THE WEEKLY NEWSPAPER OF LOWER MANHATTAN — Volume 18 • Issue 52 | May 12 - 18, 2006

Scaling back the memorial and improving the plan
Cutting the skyrocketing costs of the World Trade Center memorial can also solve many other problems in the current redevelopment plan. The changes will meet several demands of 9/11 family leaders who have criticized the design, restore the cultural center that has been virtually cut out of the site and will make the government subsidies needed to build the Freedom Tower less onerous.

The Penny Post
Just another New Orleans day
By Andrei Codrescu
I’ve been slinking around like a cat (with glasses) to see what’s what in New Orleans. In the morning, the Mexican workmen in the courtyard started work with good cheer, talking to each other in normal but happy voices. Happy about what? Happy that they had jobs, that they were a team, that the sky was clear and it wasn’t too hot, that they had gotten a good night’s sleep, that their consciences were clear.

Talking Point
The people who really need to be deported
By Wickham Boyle
These past few weeks we have seen throngs of immigrants take to the streets, parks and avenues protesting their rights to remain hard working contributors to the American dream. Even conservative estimates put the figure at upwards of a million for those who demonstrated in L.A., N.Y.C., Chicago and cities in between.

Editorial Picture

Youth/ Sports

Look ma, no tee — youngest Downtowners swing at moving ball
This season, the Downtown Little League’s youngest players have thrown away the tees and are facing live pitching so they have changed their division’s name from T-Ball to Rookie Ball. They along with the rest of the Downtowners enjoyed last weekend’s great weather.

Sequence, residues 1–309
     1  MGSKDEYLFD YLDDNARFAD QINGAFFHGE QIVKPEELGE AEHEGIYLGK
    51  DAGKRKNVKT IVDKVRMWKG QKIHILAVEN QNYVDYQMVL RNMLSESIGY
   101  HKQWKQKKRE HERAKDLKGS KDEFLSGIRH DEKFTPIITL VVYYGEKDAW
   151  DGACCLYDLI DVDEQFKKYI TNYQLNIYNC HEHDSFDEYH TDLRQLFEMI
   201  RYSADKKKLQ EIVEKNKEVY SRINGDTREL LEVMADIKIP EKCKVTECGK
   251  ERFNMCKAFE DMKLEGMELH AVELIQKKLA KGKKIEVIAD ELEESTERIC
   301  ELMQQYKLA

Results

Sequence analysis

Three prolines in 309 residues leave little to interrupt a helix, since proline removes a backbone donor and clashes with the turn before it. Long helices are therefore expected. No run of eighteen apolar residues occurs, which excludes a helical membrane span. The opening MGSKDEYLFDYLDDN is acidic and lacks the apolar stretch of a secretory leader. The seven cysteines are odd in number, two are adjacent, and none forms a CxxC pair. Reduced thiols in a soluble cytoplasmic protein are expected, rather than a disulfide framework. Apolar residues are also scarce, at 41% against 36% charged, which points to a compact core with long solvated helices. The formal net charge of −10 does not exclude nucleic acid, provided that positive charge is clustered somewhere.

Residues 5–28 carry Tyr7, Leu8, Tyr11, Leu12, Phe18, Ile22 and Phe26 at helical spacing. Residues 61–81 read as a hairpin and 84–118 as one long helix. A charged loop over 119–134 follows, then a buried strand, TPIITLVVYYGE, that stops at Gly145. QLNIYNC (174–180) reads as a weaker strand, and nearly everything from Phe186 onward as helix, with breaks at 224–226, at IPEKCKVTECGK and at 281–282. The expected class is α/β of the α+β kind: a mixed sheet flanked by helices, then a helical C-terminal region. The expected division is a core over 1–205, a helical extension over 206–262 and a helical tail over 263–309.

Youth Activities

Downtown Express photo by Elisabeth Robert

Ready for my close-up, Mr. De Niro
Stencil-faced Payton Tymeck, 8, was all smiles Saturday at the Tribeca Film Festival’s family fair on Greenwich St. – one of the festival events still in Tribeca. Many screenings at this year’s fest were in Midtown and the East Village.

More Downtowners would flee under city’s hurricane plan
By Ronda Kaysen
New York City unveiled the most comprehensive hurricane evacuation plan in the United States this week, creating a framework to evacuate 2.5 million people from flood-risk neighborhoods in the city, including Lower Manhattan.

Call to crack down on liquor licenses
By Albert Amateau
Assembly Speaker Sheldon Silver held a five-hour public hearing last Friday about a bill to drastically limit the number of new liquor licenses in neighborhoods oversaturated by bars and lounges.


Memorial pedestrians won’t be stalled, officials say
By Ronda Kaysen
The World Trade Center memorial might be going nowhere fast, but the pedestrians milling about the memorial plaza at lunchtime in 2015 will have no trouble going anywhere, a study shows.

Women’s Museum optimistic before a skeptical C.B. 1
By Jefferson Siegel
Officials with the proposed Museum of Women’s History said last week that construction will not begin at the south end of Battery Park City for three years, which will be 11 years after the museum was first proposed. They also told members of Community Board 1’s B.P.C. committee that fundraising for the $150 million cost hasn’t yet begun.